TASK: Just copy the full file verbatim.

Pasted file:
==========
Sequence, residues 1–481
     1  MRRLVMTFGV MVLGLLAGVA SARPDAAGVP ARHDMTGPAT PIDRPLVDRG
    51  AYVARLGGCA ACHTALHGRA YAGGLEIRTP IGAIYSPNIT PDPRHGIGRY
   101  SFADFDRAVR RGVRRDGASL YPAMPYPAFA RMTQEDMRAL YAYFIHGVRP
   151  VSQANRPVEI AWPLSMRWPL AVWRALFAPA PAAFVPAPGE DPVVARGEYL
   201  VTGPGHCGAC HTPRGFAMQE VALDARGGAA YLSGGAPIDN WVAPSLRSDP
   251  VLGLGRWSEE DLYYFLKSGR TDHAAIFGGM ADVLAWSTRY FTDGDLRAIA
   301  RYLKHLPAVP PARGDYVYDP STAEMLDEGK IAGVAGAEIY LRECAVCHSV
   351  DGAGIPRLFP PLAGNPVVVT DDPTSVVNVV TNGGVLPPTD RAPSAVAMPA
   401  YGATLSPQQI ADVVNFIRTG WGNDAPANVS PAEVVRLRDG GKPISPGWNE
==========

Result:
Sequence, residues 1–481
     1  MRRLVMTFGV MVLGLLAGVA SARPDAAGVP ARHDMTGPAT PIDRPLVDRG
    51  AYVARLGGCA ACHTALHGRA YAGGLEIRTP IGAIYSPNIT PDPRHGIGRY
   101  SFADFDRAVR RGVRRDGASL YPAMPYPAFA RMTQEDMRAL YAYFIHGVRP
   151  VSQANRPVEI AWPLSMRWPL AVWRALFAPA PAAFVPAPGE DPVVARGEYL
   201  VTGPGHCGAC HTPRGFAMQE VALDARGGAA YLSGGAPIDN WVAPSLRSDP
   251  VLGLGRWSEE DLYYFLKSGR TDHAAIFGGM ADVLAWSTRY FTDGDLRAIA
   301  RYLKHLPAVP PARGDYVYDP STAEMLDEGK IAGVAGAEIY LRECAVCHSV
   351  DGAGIPRLFP PLAGNPVVVT DDPTSVVNVV TNGGVLPPTD RAPSAVAMPA
   401  YGATLSPQQI ADVVNFIRTG WGNDAPANVS PAEVVRLRDG GKPISPGWNE